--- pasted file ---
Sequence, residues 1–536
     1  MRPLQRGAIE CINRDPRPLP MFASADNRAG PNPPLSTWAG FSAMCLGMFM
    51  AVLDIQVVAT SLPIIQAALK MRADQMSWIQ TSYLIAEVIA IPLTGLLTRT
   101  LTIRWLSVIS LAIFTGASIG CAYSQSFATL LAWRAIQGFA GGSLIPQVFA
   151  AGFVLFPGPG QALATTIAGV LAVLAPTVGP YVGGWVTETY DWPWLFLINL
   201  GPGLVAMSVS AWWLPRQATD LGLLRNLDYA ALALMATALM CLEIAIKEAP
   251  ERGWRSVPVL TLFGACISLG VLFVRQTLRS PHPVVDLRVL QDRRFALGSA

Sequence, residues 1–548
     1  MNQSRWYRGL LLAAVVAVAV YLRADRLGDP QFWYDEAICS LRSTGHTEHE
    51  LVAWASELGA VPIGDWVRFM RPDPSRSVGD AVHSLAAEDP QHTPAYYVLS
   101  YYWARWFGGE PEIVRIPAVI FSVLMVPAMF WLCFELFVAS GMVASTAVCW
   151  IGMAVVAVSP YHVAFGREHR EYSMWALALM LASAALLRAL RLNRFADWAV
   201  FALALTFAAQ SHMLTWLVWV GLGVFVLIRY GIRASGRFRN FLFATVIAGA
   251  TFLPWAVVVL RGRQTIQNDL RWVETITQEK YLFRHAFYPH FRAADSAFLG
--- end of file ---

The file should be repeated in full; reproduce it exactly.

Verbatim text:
Sequence, residues 1–536
     1  MRPLQRGAIE CINRDPRPLP MFASADNRAG PNPPLSTWAG FSAMCLGMFM
    51  AVLDIQVVAT SLPIIQAALK MRADQMSWIQ TSYLIAEVIA IPLTGLLTRT
   101  LTIRWLSVIS LAIFTGASIG CAYSQSFATL LAWRAIQGFA GGSLIPQVFA
   151  AGFVLFPGPG QALATTIAGV LAVLAPTVGP YVGGWVTETY DWPWLFLINL
   201  GPGLVAMSVS AWWLPRQATD LGLLRNLDYA ALALMATALM CLEIAIKEAP
   251  ERGWRSVPVL TLFGACISLG VLFVRQTLRS PHPVVDLRVL QDRRFALGSA

Sequence, residues 1–548
     1  MNQSRWYRGL LLAAVVAVAV YLRADRLGDP QFWYDEAICS LRSTGHTEHE
    51  LVAWASELGA VPIGDWVRFM RPDPSRSVGD AVHSLAAEDP QHTPAYYVLS
   101  YYWARWFGGE PEIVRIPAVI FSVLMVPAMF WLCFELFVAS GMVASTAVCW
   151  IGMAVVAVSP YHVAFGREHR EYSMWALALM LASAALLRAL RLNRFADWAV
   201  FALALTFAAQ SHMLTWLVWV GLGVFVLIRY GIRASGRFRN FLFATVIAGA
   251  TFLPWAVVVL RGRQTIQNDL RWVETITQEK YLFRHAFYPH FRAADSAFLG